2. John Flavell is doing exactly the right thing, because National have done more for Maori than the left ever have. That Maori are disproportionately represented in all the wrong data is something Maori need to be held accountable for themselves at an individual and community level.

    • National certainly has done more for Maori than the left ever have. More to jail, more into the dole queue, more into benefits, more into Australia and more into poverty.

      • Governments don’t make people commit crimes Mike. They don’t deprive them of education, and they don’t prevent them working either. On the other hand, Maori and Pakeha alike know the debt they owe to people like Doug Graham for the way the treaty settlement process has been conducted, and for repealing the disgraceful Foreshore and Seabed legislation passed by Clark and her band of merry men.

        • That’s awesome. Can you give some examples of how exactly this National government has benefitted Maori? Having a little Maori heritage, naturally I am interested how they have been advantaged over the last five or so years.

          • Absolutely!

            There have been considerably more Treaty settlements under National than under Labour.

            The investment in housing at Ratana.

            Getting the Maori Party into Government, including a number of ministerial positions.

            The introduction of Charter schools.

            Repeal of the Foreshore and Seabed legislation.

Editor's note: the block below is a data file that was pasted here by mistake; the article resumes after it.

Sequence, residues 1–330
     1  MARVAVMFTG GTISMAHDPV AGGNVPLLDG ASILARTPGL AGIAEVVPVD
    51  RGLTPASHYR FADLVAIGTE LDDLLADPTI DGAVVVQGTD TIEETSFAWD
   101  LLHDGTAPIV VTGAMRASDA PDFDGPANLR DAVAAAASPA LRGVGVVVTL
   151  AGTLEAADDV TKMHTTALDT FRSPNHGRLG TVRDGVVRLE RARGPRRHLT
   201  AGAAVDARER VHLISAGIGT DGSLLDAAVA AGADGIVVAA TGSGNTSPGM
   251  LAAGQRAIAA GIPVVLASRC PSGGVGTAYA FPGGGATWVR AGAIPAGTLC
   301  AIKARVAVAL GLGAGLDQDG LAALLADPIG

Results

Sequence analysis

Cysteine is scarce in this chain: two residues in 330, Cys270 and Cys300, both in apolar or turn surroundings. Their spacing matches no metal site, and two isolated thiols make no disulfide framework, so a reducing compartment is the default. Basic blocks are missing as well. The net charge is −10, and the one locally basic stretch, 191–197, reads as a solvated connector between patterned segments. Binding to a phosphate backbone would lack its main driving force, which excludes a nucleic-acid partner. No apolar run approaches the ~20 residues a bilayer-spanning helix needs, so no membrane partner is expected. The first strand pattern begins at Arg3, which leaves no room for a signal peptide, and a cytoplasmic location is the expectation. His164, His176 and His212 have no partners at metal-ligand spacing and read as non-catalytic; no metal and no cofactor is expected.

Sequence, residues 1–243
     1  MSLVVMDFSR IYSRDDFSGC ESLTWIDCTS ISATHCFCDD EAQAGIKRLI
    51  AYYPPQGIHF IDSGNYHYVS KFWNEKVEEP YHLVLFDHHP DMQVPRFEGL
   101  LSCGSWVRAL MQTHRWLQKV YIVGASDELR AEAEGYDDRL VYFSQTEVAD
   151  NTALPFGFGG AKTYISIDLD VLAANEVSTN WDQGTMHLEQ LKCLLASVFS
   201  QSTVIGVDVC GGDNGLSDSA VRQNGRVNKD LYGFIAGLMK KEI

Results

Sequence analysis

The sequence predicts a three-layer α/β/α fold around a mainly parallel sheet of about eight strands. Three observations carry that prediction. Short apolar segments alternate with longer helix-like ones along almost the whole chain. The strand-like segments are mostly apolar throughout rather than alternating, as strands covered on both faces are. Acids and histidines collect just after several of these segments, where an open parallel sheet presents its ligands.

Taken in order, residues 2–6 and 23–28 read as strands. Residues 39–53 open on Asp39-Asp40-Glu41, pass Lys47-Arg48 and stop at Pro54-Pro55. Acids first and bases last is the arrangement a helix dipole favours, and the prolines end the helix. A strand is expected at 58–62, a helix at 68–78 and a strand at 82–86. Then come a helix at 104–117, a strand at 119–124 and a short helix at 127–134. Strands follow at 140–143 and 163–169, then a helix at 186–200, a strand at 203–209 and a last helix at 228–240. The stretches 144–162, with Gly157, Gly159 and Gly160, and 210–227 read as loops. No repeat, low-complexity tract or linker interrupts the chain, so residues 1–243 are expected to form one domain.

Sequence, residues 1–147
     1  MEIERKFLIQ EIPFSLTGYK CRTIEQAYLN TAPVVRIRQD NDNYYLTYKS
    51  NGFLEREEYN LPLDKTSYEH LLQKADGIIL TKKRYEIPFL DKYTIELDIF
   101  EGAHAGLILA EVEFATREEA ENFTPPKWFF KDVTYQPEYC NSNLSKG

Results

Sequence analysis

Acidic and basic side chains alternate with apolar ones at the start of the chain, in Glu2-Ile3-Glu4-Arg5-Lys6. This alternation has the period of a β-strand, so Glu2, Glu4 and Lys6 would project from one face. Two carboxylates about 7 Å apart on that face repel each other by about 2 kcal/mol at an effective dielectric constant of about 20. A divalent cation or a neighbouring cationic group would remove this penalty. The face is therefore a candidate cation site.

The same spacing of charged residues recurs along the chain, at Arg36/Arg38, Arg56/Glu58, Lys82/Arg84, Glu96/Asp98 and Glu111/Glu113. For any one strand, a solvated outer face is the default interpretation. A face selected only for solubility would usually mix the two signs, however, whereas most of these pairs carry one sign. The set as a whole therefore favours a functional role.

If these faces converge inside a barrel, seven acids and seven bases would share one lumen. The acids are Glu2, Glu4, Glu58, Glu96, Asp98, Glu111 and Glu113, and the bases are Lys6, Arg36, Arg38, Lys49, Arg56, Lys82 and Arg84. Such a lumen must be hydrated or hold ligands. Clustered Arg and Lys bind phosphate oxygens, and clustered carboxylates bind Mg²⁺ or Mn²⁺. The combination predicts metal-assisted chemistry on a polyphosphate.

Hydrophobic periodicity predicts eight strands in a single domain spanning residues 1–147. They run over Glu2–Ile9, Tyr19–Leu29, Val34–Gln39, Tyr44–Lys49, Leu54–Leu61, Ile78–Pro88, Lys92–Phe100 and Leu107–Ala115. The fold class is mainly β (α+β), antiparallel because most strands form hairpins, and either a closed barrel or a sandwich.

And on, and on.

            Labour’s lazy when it comes to Maori issues. They took the Maori vote for granted for far too long, and did little or nothing to advance Maoridom.

    • Oh yeah, the ol’ lazy Maori rhetoric, real original. Laissez-Faire Racism at its finest. I guess those of a humble standing either don’t buy or don’t see the fruits of the Neoliberal unethical-work-ethic propaganda, the Right so piously espouses, when in action.

  3. Agreed. The one time I gave the Maori Party my vote (because of the seabed and foreshore Act) the treacherous bastards sold out to National. I will never trust them again.

    • I hate the way Mana are always compared to the Maori Party.
      The Left will never get anywhere if we replicate the right by voting on image, rather than policies.
      I hope you are a right wing troll Tim?

      • Just not a fan of obvious Bulls**t.

        Whether its from John “i cant remember” Key or Mana cuddling up to KDC then calling out the Maori party for the same thing.

        This is the first election im eligible to vote in, it seems apparent that both sides are as bad as each other. Its a bit sad really.

        • Yes, but one group or other will run the country after September 20, so whether we like it or not we have to take a side.

        • Care to show us where, when and how Mana have cuddled up to KDC?
          I know Hone met KDC a couple of months ago, is that what you are referring to?
          Yes, Hone met KDC, but that was it. The media have spun lies about Mana again, for obvious reasons.
          When you say that “both sides are as bad as each other”, do you mean Mana and the Maori Party? Because if you do, that’s just not true, not even close.